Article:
SimpleCompressor: JUCE processor with article of how to implement look-ahead

Hey everyone,
I finally found some time to publish my little compressor class on github along with an article about look-ahead limiters, as there are plenty of wrong implementations out there.
Spoiler: it’s not just delaying the input signal :wink:

The two main classes are purely C++ without any dependencies other than the std lib. There’s also a wrapper to act as a JUCE dsp processor, so it can be easily used with JUCE.

There’s also a visualization of the compressor characteristic curve, and a small multi-channel sample delay class, which is needed for the look-ahead.

Two JUCE plug-in projects demonstrate the use of the wrapper and the classes for the look-ahead compressor / limiter.

Check it out here:

The article:

In case you find any bugs, or possible optimizations, let me know :slight_smile:


Finally someone explained look-ahead properly with open source code !

A few quick remarks for now:

  • I had a bunch of warnings (float to int conversion) and errors on Windows (std::atomic or std::min not available)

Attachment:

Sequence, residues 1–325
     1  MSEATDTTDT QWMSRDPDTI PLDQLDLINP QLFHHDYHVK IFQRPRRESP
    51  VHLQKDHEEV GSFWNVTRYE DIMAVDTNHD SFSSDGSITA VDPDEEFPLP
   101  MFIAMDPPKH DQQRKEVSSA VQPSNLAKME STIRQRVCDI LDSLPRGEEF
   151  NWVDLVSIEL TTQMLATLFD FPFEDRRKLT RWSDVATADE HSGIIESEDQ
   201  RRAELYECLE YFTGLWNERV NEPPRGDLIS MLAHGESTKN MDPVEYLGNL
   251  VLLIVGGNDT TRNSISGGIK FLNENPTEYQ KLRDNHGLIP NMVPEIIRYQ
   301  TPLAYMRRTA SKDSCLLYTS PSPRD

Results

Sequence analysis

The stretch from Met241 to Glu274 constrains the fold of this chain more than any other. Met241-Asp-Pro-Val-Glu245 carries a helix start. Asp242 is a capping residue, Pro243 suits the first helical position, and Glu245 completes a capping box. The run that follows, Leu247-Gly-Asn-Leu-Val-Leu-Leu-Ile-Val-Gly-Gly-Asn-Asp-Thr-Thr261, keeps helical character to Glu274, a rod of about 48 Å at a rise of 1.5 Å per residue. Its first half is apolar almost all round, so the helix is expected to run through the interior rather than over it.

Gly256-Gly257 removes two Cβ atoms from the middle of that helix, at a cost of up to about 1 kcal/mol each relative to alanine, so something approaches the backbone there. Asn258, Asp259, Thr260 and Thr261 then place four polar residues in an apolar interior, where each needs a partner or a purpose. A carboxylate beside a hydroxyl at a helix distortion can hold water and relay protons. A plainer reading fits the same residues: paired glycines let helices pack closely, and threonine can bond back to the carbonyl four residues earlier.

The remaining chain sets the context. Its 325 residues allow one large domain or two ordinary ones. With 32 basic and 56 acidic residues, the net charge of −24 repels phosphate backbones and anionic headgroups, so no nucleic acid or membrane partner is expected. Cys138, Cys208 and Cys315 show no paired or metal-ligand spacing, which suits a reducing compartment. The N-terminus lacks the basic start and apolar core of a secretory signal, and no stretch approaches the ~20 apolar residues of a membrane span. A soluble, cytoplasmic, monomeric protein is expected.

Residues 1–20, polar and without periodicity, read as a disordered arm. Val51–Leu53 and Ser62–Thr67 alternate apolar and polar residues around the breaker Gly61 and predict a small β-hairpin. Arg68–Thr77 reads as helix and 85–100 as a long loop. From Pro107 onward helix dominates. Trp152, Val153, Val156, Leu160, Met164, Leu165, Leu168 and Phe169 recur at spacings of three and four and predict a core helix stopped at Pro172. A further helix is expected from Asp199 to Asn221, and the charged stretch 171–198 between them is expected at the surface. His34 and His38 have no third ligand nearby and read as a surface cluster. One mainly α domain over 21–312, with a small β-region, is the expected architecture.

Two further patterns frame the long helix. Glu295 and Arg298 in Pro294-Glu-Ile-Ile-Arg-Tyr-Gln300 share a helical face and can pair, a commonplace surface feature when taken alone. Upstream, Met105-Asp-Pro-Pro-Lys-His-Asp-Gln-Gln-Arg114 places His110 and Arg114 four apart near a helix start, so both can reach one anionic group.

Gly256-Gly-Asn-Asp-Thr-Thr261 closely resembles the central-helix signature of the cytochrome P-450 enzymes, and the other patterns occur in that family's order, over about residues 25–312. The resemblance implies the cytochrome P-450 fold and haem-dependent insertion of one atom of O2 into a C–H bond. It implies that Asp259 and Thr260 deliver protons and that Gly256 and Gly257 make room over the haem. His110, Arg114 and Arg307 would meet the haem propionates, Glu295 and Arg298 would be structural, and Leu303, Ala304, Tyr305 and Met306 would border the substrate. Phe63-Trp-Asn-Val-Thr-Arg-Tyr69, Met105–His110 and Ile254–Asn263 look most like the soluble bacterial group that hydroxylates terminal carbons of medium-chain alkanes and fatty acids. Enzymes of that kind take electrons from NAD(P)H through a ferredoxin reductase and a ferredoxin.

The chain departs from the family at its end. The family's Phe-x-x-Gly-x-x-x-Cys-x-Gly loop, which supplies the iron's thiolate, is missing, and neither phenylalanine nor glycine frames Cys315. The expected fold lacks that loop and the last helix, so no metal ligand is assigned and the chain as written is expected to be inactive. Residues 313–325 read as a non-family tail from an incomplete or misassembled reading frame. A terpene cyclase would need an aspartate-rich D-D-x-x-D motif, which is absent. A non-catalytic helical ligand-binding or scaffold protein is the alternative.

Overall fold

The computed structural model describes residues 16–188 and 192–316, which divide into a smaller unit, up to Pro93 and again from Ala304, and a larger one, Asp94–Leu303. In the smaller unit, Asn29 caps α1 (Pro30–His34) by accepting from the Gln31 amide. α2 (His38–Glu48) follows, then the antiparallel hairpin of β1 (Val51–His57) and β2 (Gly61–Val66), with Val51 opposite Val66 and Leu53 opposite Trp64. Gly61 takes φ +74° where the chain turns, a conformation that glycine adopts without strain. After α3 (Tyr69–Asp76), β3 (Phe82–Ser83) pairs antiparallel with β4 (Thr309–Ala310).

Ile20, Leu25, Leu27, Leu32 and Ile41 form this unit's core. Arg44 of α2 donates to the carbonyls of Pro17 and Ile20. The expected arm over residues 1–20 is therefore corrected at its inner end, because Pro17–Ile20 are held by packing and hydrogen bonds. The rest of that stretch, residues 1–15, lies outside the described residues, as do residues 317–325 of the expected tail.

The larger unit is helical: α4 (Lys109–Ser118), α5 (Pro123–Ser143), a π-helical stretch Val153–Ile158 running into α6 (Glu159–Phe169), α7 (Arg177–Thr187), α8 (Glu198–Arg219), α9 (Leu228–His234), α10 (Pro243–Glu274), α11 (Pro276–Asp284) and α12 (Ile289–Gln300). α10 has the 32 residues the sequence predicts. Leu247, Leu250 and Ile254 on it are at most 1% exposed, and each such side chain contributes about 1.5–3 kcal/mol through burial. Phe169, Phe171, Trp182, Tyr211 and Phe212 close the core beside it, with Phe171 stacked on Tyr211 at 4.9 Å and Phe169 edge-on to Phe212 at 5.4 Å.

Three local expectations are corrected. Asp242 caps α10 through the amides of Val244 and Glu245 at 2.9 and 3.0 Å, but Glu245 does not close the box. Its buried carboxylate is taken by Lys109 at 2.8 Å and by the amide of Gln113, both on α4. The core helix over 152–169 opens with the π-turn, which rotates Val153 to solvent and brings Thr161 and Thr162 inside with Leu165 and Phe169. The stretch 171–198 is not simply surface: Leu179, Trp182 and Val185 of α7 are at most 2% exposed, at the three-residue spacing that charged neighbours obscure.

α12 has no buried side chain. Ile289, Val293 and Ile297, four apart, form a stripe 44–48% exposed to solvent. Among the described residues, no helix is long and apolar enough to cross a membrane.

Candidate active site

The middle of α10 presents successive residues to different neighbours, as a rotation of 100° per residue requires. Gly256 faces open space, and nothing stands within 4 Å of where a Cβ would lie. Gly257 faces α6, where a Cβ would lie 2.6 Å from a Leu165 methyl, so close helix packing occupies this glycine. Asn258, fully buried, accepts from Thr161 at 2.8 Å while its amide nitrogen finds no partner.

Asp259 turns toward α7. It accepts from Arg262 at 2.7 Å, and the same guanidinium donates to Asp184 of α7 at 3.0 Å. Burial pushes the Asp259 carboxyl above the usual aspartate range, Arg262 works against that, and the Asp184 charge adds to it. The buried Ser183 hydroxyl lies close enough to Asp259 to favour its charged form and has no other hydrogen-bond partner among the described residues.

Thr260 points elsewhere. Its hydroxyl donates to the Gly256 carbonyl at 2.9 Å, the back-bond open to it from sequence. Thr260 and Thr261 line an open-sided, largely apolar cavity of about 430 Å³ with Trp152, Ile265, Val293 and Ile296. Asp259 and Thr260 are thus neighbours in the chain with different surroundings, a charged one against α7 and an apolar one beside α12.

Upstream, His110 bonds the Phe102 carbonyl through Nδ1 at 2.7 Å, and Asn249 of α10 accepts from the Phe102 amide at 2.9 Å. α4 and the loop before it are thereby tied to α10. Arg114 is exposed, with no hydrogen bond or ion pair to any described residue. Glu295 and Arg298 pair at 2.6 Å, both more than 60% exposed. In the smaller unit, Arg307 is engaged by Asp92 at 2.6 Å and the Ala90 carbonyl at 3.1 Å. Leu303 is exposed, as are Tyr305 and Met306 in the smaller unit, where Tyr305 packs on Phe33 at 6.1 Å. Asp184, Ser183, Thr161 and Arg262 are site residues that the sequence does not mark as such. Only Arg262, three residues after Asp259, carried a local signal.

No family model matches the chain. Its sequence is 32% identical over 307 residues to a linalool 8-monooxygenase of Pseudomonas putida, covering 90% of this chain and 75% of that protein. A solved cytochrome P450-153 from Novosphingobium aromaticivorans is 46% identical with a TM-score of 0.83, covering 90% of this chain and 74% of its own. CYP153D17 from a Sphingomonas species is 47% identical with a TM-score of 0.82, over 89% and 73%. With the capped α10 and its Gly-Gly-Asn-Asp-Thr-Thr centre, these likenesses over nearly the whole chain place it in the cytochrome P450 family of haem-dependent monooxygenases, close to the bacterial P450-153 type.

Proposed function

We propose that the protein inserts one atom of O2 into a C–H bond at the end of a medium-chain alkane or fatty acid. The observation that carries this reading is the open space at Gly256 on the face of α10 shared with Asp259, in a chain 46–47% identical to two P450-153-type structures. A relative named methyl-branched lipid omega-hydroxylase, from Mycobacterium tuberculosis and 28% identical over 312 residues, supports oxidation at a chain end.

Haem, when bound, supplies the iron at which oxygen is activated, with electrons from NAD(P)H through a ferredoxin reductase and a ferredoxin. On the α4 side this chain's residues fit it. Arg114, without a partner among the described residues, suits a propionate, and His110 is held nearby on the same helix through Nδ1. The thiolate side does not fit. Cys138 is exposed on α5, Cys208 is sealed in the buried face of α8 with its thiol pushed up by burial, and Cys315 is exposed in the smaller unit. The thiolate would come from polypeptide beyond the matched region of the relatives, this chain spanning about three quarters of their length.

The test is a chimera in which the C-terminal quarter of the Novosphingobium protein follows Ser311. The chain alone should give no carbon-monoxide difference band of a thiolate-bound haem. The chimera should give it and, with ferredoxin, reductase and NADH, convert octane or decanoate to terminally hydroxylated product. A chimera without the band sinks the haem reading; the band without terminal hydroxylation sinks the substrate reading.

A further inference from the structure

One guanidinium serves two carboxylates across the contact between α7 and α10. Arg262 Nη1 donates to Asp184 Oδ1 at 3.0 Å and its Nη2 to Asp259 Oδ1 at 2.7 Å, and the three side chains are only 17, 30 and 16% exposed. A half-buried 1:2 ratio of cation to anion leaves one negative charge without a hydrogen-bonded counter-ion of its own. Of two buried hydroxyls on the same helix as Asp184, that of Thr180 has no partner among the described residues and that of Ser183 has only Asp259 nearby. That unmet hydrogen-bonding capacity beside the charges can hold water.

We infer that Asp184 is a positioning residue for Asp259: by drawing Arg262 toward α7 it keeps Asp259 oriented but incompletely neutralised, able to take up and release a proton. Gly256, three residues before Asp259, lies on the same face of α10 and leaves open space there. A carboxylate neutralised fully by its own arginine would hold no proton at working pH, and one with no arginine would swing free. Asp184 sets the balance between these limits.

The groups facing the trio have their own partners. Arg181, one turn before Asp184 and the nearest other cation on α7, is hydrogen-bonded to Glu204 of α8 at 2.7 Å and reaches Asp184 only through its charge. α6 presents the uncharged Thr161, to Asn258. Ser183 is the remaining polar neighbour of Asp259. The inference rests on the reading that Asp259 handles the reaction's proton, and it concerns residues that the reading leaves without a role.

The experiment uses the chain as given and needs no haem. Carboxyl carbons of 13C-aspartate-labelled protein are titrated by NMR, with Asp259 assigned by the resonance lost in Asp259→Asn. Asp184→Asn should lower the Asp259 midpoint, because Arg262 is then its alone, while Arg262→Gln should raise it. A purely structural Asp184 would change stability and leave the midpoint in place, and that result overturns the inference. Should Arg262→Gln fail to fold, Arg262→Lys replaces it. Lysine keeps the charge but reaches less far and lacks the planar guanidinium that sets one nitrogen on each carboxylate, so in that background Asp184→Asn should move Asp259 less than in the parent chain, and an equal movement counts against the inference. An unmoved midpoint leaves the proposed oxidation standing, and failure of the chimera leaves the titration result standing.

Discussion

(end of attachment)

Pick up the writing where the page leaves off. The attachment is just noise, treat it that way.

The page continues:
• I think the plug-in should report the 5 ms of latency when the option is enabled :wink:

Thanks a lot for sharing this project !

Thanks for the feedback!
Valid point with the latency, will add it!
To be honest, I haven’t tested it on windows, but will do :slight_smile:


Yeah, all I can say is thanks for the explanation and code samples. :slight_smile:


Just diving in your article this morning. Great explanation, thanks for sharing this.
One question though. You mention delaying both input and side chain. Can we spare a delay line by first doing step 2, delaying the input channels. From there, calculate the gain reduction.


That would be the setup without lookahead.
The lookahead works by evaluating the sidechain at a different time, i.e. earlier.
Because you need to be independent from the block size, you need both delay lines.

Yes that was my first though as well. Then i read in the article that " Delaying both input and gain reduction signals" is the second step. Using the same delay time. That would mean we can calculate the gain reduction from that point right. Then at step 3, the actual lookahead function begins.